"I got a call from Geoff just saying, 'We're doing this live-action version of Stargirl and I'd love you to come on board and play the main antagonist character of Jordan/Icicle,' and when he told me that the character's name was Icicle, I was like, 'What is this, a Nickelodeon show?'" Jackson says with a laugh. "Because there's nothing about the name Icicle that really kind of instilled a sense of dread. Then he pitched it to me and he told me about this gorgeous backstory that we see in episode 3."
While fans only get a tease of Jordan is at the end of episode 2, it's the next episode that details exactly who Jordan is, how he became Icicle, and what his plans are. "It's the pain of him losing his wife and how that galvanized him into wanting to make sure that nobody suffered the same injustice again, it set him on this righteous path to try to eradicate all the people that led to his wife's death but also to make sure that the community and society is better as a result of that," Jackson explains. "When he pitched it to me, I got it: This guy's not a villain, he's a hero."
Well, not quite. "In his own mind, he sees himself as the only person with the strength of character to make the really difficult decisions to make sure that society thrives," Jackson says. "If it wasn't for these pesky kids [Courtney recruits as heroes], he'd achieve it. That was my in towards the character."
While Jackson did the necessary research and looked up all the different versions of Jordan/Icicle that have existed in the comic books and on TV in the past, he "quickly realized that none of them really applied" to the role he'd been cast to play. "Geoff has created a brand-new version of this with the TV show, and so we concentrated on what this version of Icicle and Jordan is," he says. "What we settled on was his despair. It would be very easy to play him as this menacing, vitriolic, angry person. But I actually said, talking in colors, instead of painting him with a red hue, I think it would be more interesting if we painted him with a blue hue. There's a deep sadness in him. And instead of making him angry, making him incredibly sad, so that all of his actions are laced with his sadness."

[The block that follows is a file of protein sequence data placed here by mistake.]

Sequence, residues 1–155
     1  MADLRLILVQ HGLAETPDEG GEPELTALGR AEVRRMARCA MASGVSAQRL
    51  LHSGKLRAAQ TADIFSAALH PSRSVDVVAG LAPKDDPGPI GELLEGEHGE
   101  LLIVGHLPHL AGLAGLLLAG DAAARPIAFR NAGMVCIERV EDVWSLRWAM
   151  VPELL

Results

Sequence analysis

In Jordan's mind, "He wishes he didn't have to do this, that society would thrive without his having to make these changes," Jackson says. "But his is the necessary evil that the world needs… in his own opinion."
Jackson can't wait for people to see episode 3, which he says "is a real turning point for me."
"I've played a lot of villains," he says. "Playing the Headless Horseman on Sleepy Hollow was a real gift, and we talked a lot about how to humanize him and how to make it justifiable, and it was a lot of work that we did to understand his perspective on why he was justified in what he was doing. The idea of the sort of Michael Myers, Halloween-esque just juggernaut baddie that doesn't have any redeemable qualities isn't as interesting to me. In this one it was all on the page. Geoff created a character that the moment I read it, I was like, "Yeah!" If I lost the person I loved because somebody else lied and effectively caused them to get sick, I would want vengeance. And not only would I want vengeance, I would want to stop other people from ever having the opportunity to do this to anybody else again."
But Jordan's mission is hardly consequence-free. "In episode 3, there's some dastardly stuff, but there's a lot more to come," Jackson warns. "He does a lot of things where you're like, 'That is dark.' But put through the prism of who he is, it felt justifiable. It was really fun to lean into this stuff and feel righteous in doing it, as opposed to just being evil."
DC's Stargirl releases new episodes Mondays on DC Universe and airs Tuesdays at 8 p.m. ET/PT on the CW.